How do I cool prepared powdered formula?
Formula prepared with hot water is too hot to feed to your baby. Quickly cool it by carefully placing the bottle under cold running water or in ice water. Make sure the cold water is below the ring of the bottle.
Once the bottle has been cooled, make sure it is a comfortable temperature. Test a few drops on the inside of your wrist before feeding your baby.
How do I store prepared powdered formula?
It is safest to prepare powdered infant formula one bottle at a time and to feed your baby right after you have prepared the bottle. If you do prepare bottles ahead of time, they must be prepared using water that is at least 70° C (158° F), cooled quickly under running water or in ice water, and stored in the refrigerator.
Refrigerate unused formula at 4° C (39° F) or below for up to 24 hours. Check the temperature of your refrigerator with a refrigerator thermometer. Throw away any unused prepared formula after 24 hours.
For all types of formula:
How do I warm refrigerated formula?
Formula can be given cool or at body temperature (warm). You can warm formula as follows:
- Put the bottle under warm tap water (keep the nipple area out of the water); or
- Warm in a bowl of hot water or bottle warmer for no more than 15 minutes.
Do not heat formula by:
- Putting the bottles of formula in a pot of hot water on top of the stove. The formula can get too hot too fast.
- Putting the bottles of formula in the microwave. The uneven heating of the formula can burn your baby's mouth.
Always test a few drops of heated formula on the inside of your wrist. It should feel just warm.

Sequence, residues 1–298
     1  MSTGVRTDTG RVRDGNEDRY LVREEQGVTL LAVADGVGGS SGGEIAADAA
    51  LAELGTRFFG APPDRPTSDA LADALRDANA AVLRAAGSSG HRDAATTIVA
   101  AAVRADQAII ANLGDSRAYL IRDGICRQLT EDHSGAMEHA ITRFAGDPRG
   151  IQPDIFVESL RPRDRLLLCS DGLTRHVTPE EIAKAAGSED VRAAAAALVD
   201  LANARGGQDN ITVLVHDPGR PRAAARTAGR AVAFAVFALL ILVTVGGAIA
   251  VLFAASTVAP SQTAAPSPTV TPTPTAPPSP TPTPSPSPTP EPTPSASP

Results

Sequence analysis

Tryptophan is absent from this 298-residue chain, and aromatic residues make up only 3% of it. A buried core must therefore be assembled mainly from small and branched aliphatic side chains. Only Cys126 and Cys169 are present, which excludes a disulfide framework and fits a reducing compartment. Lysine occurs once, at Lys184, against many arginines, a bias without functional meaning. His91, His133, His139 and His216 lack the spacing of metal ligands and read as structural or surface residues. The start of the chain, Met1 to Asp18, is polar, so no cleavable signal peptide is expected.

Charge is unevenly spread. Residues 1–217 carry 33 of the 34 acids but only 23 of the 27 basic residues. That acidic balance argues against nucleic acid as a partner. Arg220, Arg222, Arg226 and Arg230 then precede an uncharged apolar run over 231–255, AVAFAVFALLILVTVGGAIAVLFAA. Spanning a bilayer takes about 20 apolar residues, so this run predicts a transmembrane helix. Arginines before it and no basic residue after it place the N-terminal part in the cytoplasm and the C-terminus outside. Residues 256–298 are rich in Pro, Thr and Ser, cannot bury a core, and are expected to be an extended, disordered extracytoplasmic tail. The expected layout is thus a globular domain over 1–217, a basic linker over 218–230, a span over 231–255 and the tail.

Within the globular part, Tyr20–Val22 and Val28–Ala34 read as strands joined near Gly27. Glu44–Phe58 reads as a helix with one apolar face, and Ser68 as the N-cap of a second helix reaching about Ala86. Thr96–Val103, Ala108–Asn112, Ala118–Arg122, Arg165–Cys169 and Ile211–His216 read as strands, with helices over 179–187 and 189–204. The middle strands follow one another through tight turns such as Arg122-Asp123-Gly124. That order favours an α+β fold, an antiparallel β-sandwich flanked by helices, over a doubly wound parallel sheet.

How long is formula safe at room temperature?
Formula is safest if it is taken out of the refrigerator, warmed up and then fed to your baby right away.
Make sure the bottle is used within 2 hours of being taken out of the refrigerator.
Always throw out any formula left in the bottle after each feed. Do not put the bottle back in the refrigerator or feed your baby leftover formula later.
Throw out any unused prepared formula that has been at room temperature for 2 or more hours.
How do I feed my baby formula away from home?
W hen feeding your baby away from home, prepared formula can be taken with you if it will be used within 2 hours. Right before you leave home, remove the cold prepared formula from the refrigerator and place it in a cooler bag with ice packs.
If you are away from home for longer than 2 hours, it is best to bring unopened ready-to-feed formula with you. If you use concentrated liquid or powdered formula, bring the supplies that you will need to prepare it safely at your destination.
For more information on formula feeding, see HealthLink BC File #69a Formula Feeding Your Baby: Getting Started or see Health Canada's guidelines on Preparing and Handling Infant Formula at www.hc-sc.gc.ca/fn-an/securit/kitchen-cuisine/pif-ppn-eng.php.
For more information, contact your local public health unit, health care provider, or call 8-1-1 to speak to a registered nurse or registered dietitian.
For more HealthLinkBC File topics, visit www.HealthLinkBC.ca/healthfiles/ or your local public health unit.
Click on www.HealthLinkBC.ca or call 8-1-1 for non-emergency health information and services in B.C.
For deaf and hearing-impaired assistance, call 7-1-1 in B.C.
Translation services are available in more than 130 languages on request.